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Ask the HOA Expert

Written by on Tuesday, 24 April 2012 7:00 pm

Question: One of the homes in our homeowner association was used as a model home and the irrigation system sprinkles part of the common area. The home sold and the buyer apparently was aware of this and did not have a problem with it. The home has now sold again and the new owner is wanting the HOA to reimburse him for irrigation costs. Is the HOA responsible since this was an agreement between the developer and owner (prior to turn-over)? Does the obligation pass to subsequent owners?

Also the new owner resodded part of this common area without permission and wants the HOA to reimburse him for that as well.

Answer: The developer has no authority to make deals with individual owners regarding common area maintenance or expenses. It’s unusual that the original owner would agree to pay for irrigating common area but the second owner is certainly entitled to reimbursement. The cleanest way to handle this is to install a separate irrigation meter and have the HOA pay the bill directly. The original builder should have installed a separate meter to avoid this obvious problem in the making.

The HOA is under no obligation to reimburse for owner work in the common area and, indeed, the owner has no authority to be doing this in the first place.

Question: The new board is saying that the president, per Robert’s Rules, is not allowed to vote.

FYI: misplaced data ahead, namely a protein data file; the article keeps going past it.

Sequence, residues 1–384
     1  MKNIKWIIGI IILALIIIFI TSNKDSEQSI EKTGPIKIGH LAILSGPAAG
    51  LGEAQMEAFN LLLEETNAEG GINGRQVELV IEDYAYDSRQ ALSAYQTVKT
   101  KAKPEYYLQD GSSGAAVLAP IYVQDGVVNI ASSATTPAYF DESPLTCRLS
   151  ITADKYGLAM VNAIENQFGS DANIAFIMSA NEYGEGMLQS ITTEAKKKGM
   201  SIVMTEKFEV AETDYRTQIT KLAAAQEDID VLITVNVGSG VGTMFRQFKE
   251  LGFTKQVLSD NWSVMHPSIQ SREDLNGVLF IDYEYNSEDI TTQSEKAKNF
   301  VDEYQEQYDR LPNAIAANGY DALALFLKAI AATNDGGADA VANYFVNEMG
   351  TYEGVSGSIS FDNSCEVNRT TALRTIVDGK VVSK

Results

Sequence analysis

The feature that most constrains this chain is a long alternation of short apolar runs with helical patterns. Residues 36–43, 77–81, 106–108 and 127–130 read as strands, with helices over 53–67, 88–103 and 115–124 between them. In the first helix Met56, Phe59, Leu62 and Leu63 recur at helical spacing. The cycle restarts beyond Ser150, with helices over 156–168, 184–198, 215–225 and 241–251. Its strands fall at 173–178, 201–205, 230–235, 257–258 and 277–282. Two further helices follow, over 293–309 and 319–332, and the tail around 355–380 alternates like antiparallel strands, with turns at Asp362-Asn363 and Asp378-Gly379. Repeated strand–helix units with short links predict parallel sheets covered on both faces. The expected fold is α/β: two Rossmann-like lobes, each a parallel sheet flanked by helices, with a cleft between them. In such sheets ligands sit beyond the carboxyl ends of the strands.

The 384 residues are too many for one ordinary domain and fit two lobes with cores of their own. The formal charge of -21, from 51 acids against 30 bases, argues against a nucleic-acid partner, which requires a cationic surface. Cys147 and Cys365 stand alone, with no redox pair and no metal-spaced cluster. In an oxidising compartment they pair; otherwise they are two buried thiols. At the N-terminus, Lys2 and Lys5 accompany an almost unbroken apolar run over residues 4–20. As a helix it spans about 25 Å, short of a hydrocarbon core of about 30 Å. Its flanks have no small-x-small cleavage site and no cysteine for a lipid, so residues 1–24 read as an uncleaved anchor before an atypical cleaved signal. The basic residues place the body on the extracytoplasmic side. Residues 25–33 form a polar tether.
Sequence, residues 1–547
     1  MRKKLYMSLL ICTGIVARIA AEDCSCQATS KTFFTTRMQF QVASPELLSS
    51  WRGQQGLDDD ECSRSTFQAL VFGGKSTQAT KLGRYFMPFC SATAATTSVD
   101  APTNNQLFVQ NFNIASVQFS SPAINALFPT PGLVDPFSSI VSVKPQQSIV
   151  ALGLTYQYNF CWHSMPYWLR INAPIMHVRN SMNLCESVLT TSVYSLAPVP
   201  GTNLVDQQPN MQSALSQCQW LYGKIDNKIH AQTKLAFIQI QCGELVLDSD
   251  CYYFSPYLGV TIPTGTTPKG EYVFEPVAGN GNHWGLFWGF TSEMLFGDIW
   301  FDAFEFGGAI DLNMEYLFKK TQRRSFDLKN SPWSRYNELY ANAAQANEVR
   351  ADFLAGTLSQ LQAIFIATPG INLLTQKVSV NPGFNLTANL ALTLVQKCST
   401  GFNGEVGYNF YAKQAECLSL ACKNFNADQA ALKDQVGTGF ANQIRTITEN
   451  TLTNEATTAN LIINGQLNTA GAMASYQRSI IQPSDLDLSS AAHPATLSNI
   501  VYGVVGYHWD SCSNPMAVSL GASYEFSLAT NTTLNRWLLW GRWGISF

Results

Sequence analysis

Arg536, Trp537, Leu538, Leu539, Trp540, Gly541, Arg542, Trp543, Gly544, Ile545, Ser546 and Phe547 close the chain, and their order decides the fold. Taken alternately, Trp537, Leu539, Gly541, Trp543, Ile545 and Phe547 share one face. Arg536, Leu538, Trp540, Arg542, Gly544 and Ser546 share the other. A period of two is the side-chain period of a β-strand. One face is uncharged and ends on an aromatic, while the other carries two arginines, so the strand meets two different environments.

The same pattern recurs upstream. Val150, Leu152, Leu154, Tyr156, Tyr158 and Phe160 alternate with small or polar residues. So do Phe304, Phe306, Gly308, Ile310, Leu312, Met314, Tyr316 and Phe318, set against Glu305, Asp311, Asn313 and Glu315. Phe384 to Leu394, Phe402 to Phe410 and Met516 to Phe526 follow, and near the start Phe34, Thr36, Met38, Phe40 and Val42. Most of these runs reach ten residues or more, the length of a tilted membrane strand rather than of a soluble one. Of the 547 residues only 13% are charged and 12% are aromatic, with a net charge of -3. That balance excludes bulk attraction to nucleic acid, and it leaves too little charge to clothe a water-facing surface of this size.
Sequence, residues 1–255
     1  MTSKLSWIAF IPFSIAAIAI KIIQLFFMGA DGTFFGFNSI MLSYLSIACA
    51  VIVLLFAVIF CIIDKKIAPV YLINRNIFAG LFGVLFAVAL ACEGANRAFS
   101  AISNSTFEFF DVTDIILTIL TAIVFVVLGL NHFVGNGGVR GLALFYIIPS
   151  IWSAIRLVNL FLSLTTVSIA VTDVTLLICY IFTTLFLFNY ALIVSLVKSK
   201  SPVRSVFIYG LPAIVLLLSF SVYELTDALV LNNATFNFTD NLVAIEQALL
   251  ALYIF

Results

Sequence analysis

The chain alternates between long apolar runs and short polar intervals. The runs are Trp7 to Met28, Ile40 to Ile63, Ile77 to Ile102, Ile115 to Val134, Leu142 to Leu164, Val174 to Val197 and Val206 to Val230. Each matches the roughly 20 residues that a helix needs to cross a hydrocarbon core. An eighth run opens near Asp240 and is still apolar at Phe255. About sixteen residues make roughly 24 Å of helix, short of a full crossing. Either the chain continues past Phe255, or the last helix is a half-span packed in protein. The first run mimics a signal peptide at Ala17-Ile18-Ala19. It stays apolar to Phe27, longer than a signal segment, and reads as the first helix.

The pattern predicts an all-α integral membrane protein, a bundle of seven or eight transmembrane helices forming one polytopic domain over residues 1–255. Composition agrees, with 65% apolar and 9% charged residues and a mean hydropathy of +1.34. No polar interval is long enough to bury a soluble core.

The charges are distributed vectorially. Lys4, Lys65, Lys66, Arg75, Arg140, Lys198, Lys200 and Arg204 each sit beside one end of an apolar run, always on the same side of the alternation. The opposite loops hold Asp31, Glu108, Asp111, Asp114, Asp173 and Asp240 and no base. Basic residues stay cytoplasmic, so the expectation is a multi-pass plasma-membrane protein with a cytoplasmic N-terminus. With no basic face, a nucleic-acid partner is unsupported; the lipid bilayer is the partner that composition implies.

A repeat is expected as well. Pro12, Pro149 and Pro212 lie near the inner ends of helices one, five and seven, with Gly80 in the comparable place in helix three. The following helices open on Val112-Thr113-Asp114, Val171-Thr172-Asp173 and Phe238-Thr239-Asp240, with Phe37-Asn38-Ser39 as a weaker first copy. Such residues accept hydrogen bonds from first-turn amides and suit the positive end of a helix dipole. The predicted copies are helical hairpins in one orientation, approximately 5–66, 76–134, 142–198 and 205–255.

Before I retired, I managed over 20 communities and this issue never came up. The president always voted. Do you have any wisdom on this?

Answer: What you describe is a common misconception about voting. The president is allowed to vote just like any director although often doesn't need to unless to break a tie. If the vote is important, it is advisable for the president to cast a vote regardless so that the minutes reflect who voted in favor and who against.

Question: Our HOA rules attempt to enhance the residential character and appearance. For example, our parking rules state that "oversized vehicles must park in area behind the pool". In other words, these vehicles must not park in their driveways or in the street. The board has established that an "oversized vehicle" is one that will not fit in the garage. We have some habitual offenders. For the most part, it has been effective and most folks comply. Are we correct in trying to maintain this standard?

Answer: Rules should be reasonable. If a resident uses an SUV that won't fit in the garage for personal transportation, it is not reasonable to require that resident to park a distance away. Driveways are intended for a resident's and his guests’ use. Having this kind of policy goes too far. There is Sample Parking Policy at in the Policy Samples section.

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  About the author, Richard Thompson

Individual news stories are based upon the opinions of the writer and does not reflect the opinion of Realty Times.